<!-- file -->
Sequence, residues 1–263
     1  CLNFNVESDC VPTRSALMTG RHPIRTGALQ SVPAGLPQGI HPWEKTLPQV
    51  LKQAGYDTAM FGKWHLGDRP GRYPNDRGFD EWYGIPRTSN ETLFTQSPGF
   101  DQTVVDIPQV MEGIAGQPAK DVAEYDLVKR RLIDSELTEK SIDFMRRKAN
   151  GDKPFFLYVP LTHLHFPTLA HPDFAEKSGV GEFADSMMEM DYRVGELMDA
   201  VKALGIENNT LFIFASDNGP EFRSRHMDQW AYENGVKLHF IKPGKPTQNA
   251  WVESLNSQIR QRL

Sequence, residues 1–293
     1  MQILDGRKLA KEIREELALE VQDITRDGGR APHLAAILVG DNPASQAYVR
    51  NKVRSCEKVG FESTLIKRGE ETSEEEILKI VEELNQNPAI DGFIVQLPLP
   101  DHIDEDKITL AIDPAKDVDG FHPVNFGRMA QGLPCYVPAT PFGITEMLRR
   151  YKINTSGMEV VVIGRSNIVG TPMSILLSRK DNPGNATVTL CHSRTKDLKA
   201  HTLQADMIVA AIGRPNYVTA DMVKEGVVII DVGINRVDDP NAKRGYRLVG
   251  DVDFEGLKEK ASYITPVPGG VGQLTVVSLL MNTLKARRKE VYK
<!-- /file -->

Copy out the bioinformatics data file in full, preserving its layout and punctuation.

Sequence, residues 1–263
     1  CLNFNVESDC VPTRSALMTG RHPIRTGALQ SVPAGLPQGI HPWEKTLPQV
    51  LKQAGYDTAM FGKWHLGDRP GRYPNDRGFD EWYGIPRTSN ETLFTQSPGF
   101  DQTVVDIPQV MEGIAGQPAK DVAEYDLVKR RLIDSELTEK SIDFMRRKAN
   151  GDKPFFLYVP LTHLHFPTLA HPDFAEKSGV GEFADSMMEM DYRVGELMDA
   201  VKALGIENNT LFIFASDNGP EFRSRHMDQW AYENGVKLHF IKPGKPTQNA
   251  WVESLNSQIR QRL

Sequence, residues 1–293
     1  MQILDGRKLA KEIREELALE VQDITRDGGR APHLAAILVG DNPASQAYVR
    51  NKVRSCEKVG FESTLIKRGE ETSEEEILKI VEELNQNPAI DGFIVQLPLP
   101  DHIDEDKITL AIDPAKDVDG FHPVNFGRMA QGLPCYVPAT PFGITEMLRR
   151  YKINTSGMEV VVIGRSNIVG TPMSILLSRK DNPGNATVTL CHSRTKDLKA
   201  HTLQADMIVA AIGRPNYVTA DMVKEGVVII DVGINRVDDP NAKRGYRLVG
   251  DVDFEGLKEK ASYITPVPGG VGQLTVVSLL MNTLKARRKE VYK